Prime Minister Narendra Modi and the heads of state of the other four BRICS countries, Brazil, Russia, China and South Africa, on Tuesday signed a 72-point Fortaleza Declaration that announced the New Development Bank with an initial authorised capital of $100 billion and a subscribed capital of $50 billion, and a $100-billion contingency reserve arrangement (CRA).
While the bank, first envisioned at the Delhi Summit in 2012, will supplement the World Bank in funding infrastructure projects in BRICS and other emerging countries, the CRA will help the five countries forestall short-term liquidity pressures and strengthen the global financial safety net.
Addressing the plenary session of his first BRICS Summit at Fortaleza, Modi said BRICS was the first grouping in the world based on future potential, and not on existing prosperity or shared identities. “BRICS has gained enough horizontal influence to compel the world to take notice. Our own greater good, however, lies in deepening our bonds vertically,” he said.
Stating that the BRICS forum must be decentralised, he said, “We must proactively move beyond being summit-centric. We must champion sub-national-level exchanges; champion engagement between our states, cities and other local bodies,” he said. Modi put several ideas on the table, including a BRICS University, a young scientists’ forum to nurture innovation and BRICS language schools.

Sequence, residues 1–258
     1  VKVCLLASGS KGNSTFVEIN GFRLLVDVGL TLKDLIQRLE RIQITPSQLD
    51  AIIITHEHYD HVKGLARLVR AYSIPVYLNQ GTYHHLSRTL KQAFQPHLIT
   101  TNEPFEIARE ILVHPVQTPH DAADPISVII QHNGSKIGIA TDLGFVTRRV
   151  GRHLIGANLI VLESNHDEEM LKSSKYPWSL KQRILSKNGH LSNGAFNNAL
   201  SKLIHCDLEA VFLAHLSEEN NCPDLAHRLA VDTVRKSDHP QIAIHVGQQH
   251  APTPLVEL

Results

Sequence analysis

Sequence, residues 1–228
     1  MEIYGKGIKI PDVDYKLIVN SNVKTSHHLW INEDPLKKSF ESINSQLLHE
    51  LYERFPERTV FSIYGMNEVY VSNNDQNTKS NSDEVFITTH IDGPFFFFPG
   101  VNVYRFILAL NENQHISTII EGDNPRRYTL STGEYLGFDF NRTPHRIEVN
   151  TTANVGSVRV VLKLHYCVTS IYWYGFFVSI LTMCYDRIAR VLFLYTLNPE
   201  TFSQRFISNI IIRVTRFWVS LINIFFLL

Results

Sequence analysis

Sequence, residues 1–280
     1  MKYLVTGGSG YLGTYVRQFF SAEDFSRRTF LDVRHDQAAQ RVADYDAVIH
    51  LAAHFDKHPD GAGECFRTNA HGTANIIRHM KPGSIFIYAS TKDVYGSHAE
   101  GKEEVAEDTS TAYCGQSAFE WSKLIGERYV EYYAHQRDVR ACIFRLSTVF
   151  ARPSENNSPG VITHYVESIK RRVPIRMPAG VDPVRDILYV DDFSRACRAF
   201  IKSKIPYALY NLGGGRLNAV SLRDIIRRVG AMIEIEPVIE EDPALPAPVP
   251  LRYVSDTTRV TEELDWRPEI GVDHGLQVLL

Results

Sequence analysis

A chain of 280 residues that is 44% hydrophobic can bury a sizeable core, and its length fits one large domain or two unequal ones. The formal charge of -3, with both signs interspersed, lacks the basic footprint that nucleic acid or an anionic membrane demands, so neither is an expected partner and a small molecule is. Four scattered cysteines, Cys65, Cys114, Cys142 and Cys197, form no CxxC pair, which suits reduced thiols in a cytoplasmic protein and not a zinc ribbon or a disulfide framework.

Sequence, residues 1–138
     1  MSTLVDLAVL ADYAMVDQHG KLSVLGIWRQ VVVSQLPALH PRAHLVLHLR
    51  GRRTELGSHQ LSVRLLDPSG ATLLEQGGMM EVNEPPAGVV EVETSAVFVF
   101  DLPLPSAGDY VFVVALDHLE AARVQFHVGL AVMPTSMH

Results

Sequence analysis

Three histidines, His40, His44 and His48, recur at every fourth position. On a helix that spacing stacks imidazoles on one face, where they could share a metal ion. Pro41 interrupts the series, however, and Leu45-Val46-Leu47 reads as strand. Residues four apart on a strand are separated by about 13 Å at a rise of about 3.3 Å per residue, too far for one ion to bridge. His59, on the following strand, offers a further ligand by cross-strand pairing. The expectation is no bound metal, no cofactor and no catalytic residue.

Among other issues, the 8,000-plus-word declaration calls for urgent reforms of the Bretton Woods institutions, the International Monetary Fund and the World Bank, and also roots for comprehensive reform of the United Nations Security Council. Earlier, addressing the plenary, Brazil’s President Dilma Rousseff said the UNSC has not lived up to the challenges, and the legitimacy of the World Bank and the IMF have been eroded.
The declaration noted that China and Russia reiterated the importance they attached to Brazil, India and South Africa’s status and role in international affairs and supported their aspirations to play a greater role in the UN.
“Despite the geography, the BRICS countries have built a solid and productive partnership,” said Rousseff. The BRICS grouping cannot be alienated given its influence in the regions. While advanced economies are slowly recovering, the BRICS countries are driving global growth despite their domestic slowdown, she said.
The declaration also expressed disappointment at the non-implementation of the 2010 IMF reforms. This negatively impacted the fund’s legitimacy, it said, adding that the governance structure must reflect the increasing weight of the emerging markets in the world economy. It asked the IMF